Legal case costing Powerball winner $14G in interest per day, attorney says

A New Hampshire woman who claims to have won a $560 million Powerball jackpot – but is fighting to remain anonymous – is losing about $14,000 a day in interest, her attorney says. Steven Gordon is trying to fast-track a court hearing in the case, telling the New Hampshire Union Leader that “Time is of the essence in this matter.” The winning ticket, purchased in January at Reed’s Ferry Market in Merrimack, N.H., translates to a lump-sum cash prize of $352 million before taxes and $268 million after taxes. The woman, who has not yet submitted her winning ticket to the New Hampshire Lottery Commission, is referred to as Jane Doe in the court documents. “Pushing the resolution of this case into March will subject Ms. Doe to serious and irreparable financial harm,” Gordon told the Union Leader. “Pushing the resolution of this case into March will subject Ms. Doe to serious and irreparable financial harm.” Steven Gordon, attorney for anonymous Powerball winner from New Hampshire. Privacy is a primary concern for the woman, a longtime resident of New Hampshire and an engaged community member who does not want to be known or targeted as the winner of a half-billion dollars, the Union Leader reported, citing court documents. Gordon is hoping to expedite the hearing from Feb. 21 to Feb. 13, and the judge is reviewing the request, the paper reported. The purported winner plans to contribute a portion of her prize to a charitable foundation, the report said.

Keywords: [“New”,”Hampshire”,”winner”]
Source: http://www.foxnews.com/us/2018/02/09/legal-case-costing-powerball-winner-14g-in-interest-per-day-attorney-says.html

First Circuit Hears Oral Argument in Unusual Copyright Case

On April 6, 2017, Cyberlaw Clinic students attended oral argument in a First Circuit copyright appeal involving a curious set of facts and legal issues. The case pitted Richard Goren, a Massachusetts attorney, against Xcentric Ventures, LLC, the owner of an online consumer review website known as the Ripoff Report. Goren was upset by a review of his services posted on Ripoff Report by Christian DuPont, the defendant in a prior case where Goren had represented the plaintiff. After obtaining a copyright registration, Goren sued Xcentric in federal district court, alleging inter alia that Xcentric had infringed Goren’s newfound proprietary rights as the post’s “Owner.” Xcentric defended the lawsuit by arguing that the copyright assignment was involuntary, and thus invalid under Section 201(e) of the Copyright Act. Goren appealed the district court’s ruling to the First Circuit, which heard oral argument earlier this month. At oral argument, the First Circuit panel appeared to accept the logic of Xcentric’s argument, without questioning its counsel about 201(e). Beyond the copyright claim, Goren also contended that Xcentric’s conduct violated state defamation and competition laws. Given the law as it stands, the First Circuit will likely affirm the district court’s rulings in favor of Xcentric. Goren’s attempt to hijack copyright law might have been clever, but it was suspicious from the start.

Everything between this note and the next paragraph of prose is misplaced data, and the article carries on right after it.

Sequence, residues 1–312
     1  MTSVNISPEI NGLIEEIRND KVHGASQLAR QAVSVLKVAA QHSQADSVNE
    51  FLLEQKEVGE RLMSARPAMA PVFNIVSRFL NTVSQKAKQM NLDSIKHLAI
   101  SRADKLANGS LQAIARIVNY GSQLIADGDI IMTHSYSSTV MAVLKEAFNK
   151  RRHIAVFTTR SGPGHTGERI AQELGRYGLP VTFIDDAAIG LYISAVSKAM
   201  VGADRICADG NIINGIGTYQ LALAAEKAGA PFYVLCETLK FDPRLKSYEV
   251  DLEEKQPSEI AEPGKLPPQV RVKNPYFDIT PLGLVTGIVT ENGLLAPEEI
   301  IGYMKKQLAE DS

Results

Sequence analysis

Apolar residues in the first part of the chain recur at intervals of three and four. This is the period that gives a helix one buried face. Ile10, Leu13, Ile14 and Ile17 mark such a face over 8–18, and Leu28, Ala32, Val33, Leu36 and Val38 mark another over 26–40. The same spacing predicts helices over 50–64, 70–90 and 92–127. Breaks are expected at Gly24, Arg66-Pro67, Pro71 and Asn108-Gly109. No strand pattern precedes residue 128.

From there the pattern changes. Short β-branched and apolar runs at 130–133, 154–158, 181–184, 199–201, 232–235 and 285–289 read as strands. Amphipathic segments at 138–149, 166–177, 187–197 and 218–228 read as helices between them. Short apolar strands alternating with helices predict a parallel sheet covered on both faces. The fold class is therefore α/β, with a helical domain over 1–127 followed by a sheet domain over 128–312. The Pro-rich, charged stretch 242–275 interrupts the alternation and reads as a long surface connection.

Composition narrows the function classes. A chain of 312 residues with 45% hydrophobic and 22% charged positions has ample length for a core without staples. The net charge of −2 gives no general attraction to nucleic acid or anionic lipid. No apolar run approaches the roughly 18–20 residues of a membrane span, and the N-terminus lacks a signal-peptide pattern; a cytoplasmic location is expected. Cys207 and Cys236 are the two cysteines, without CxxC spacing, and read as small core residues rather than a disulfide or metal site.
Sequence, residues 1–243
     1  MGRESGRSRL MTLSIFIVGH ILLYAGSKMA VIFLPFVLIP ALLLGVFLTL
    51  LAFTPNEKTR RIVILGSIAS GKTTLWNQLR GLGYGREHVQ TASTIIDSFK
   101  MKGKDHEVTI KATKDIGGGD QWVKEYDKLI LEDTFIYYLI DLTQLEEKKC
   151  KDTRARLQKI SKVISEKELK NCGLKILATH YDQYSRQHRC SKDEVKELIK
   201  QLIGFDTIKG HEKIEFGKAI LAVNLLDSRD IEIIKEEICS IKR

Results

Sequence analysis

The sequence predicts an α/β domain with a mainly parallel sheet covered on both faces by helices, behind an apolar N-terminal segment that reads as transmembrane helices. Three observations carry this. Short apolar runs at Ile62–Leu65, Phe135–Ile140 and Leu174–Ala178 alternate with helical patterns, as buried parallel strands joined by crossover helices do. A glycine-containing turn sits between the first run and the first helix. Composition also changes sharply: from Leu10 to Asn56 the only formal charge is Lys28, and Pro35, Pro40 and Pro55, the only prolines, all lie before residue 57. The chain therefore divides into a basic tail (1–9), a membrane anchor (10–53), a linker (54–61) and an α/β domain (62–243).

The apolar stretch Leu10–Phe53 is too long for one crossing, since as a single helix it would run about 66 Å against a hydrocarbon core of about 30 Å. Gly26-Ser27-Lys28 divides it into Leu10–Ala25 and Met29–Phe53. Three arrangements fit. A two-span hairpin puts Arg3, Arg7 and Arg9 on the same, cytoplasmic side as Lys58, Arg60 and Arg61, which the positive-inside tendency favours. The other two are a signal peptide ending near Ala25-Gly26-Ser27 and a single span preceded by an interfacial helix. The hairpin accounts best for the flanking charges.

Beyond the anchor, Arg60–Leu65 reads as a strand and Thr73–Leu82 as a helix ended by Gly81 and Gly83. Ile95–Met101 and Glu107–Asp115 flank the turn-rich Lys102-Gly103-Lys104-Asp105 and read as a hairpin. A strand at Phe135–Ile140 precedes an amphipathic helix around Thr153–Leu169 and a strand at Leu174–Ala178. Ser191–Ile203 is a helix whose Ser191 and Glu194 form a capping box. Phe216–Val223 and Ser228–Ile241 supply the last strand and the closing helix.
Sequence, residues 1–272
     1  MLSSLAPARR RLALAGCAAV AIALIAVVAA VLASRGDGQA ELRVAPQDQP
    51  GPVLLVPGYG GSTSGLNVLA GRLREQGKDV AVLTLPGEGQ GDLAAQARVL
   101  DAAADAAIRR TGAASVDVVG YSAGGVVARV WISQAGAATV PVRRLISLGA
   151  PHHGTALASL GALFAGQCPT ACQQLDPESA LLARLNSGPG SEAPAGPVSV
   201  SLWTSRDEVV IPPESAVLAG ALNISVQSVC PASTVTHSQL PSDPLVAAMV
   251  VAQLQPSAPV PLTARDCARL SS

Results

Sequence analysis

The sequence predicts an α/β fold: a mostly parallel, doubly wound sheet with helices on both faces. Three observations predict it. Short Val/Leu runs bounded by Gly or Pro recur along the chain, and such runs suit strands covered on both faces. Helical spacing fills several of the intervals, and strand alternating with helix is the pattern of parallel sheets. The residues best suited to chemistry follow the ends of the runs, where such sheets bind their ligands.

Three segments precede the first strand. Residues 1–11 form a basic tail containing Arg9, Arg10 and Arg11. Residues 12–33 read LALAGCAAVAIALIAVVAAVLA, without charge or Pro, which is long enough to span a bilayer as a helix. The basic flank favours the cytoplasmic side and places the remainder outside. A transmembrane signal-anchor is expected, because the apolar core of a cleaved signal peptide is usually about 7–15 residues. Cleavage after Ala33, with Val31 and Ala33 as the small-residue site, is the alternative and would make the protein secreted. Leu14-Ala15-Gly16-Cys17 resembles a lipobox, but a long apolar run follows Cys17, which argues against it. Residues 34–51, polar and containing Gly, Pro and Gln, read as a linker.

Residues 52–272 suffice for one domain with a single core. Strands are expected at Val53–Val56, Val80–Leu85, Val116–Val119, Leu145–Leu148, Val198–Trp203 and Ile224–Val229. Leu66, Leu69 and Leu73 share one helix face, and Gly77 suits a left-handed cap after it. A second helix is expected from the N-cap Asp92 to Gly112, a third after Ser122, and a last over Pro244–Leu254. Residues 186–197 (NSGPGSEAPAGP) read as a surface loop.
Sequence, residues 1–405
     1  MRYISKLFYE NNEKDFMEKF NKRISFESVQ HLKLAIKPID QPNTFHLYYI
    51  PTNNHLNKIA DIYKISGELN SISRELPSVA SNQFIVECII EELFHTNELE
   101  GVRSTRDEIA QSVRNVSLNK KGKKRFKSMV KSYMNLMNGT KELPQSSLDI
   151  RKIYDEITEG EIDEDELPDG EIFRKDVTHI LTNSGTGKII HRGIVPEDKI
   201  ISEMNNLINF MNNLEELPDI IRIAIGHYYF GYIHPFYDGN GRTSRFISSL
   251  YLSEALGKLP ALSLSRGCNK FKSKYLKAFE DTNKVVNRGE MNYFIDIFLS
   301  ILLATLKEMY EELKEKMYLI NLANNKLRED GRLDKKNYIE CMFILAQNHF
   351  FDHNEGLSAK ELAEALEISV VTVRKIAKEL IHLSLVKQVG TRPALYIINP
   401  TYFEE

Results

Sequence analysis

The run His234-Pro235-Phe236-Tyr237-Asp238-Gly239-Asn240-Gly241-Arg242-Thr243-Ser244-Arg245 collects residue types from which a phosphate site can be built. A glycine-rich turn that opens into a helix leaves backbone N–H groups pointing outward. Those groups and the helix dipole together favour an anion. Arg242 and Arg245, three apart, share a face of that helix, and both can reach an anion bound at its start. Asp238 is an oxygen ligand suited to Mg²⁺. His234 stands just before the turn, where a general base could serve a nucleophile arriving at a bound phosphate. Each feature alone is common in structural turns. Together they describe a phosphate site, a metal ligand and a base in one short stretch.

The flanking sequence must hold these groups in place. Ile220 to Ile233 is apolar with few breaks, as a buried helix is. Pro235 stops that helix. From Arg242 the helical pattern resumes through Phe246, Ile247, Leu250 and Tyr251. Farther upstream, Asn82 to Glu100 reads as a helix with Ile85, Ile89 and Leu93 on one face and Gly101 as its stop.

Keywords: [“Goren”,”Xcentric”,”copyright”]
Source: https://clinic.cyber.harvard.edu/2017/04/24/first-circuit-hears-oral-argument-in-unusual-copyright-case/

Law Fish News for 02-24-2018

Smugglers Opts Unusual Ways To Smuggle Liquor In Bihar

Baugh addresses media at unusual hearing in Rambold rape case

Less than an hour before Baugh stepped into the courtroom, the Montana Supreme Court issued an order canceling the hearing, telling Baugh that he could not legally change Rambold’s sentence as he intended. The hearing Baugh wanted to hold in order to change Rambold’s sentence was opposed by both the Yellowstone County Attorney’s Office and Rambold’s defense attorney, who argued that Baugh did not have the authority to change the sentence after announcing it in court last week. “While it’s good that Judge Baugh recognizes that his August 26 sentence of Stacey Rambold is contrary to the law, today the state Supreme Court affirmed that Judge Baugh has no authority to amend the sentence unless ordered to do so by the Supreme Court,” Fox said. Though he did not impose a new sentence, Baugh went ahead with the unusual hearing. The hearing began 1:40 p.m., and Baugh announced that he had decided on Thursday, before the Supreme Court intervened, to cancel the hearing he intended to hold aimed at re-sentencing Rambold. Baugh told the gathering that he had also on Thursday signed a written judgment altering the sentence he imposed orally against Rambold on Aug. 26. Less than two weeks ago, Baugh sentenced the 54-year-old Rambold to 15 years in prison, with all but 31 days suspended and credit for one day served. Baugh said the confusion over the mandatory minimum sentence in the case “Shouldn’t have had to be addressed at all.” Baugh said the victim, Cherice Moralez, who committed suicide in 2010, was “Older than her chronological age” and was in some control of the relationship with Rambold. Baugh explained on Friday that the case began with the charges filed in 2008, but resulted in an unusual deferred prosecution agreement in July 2010 after Moralez’s death.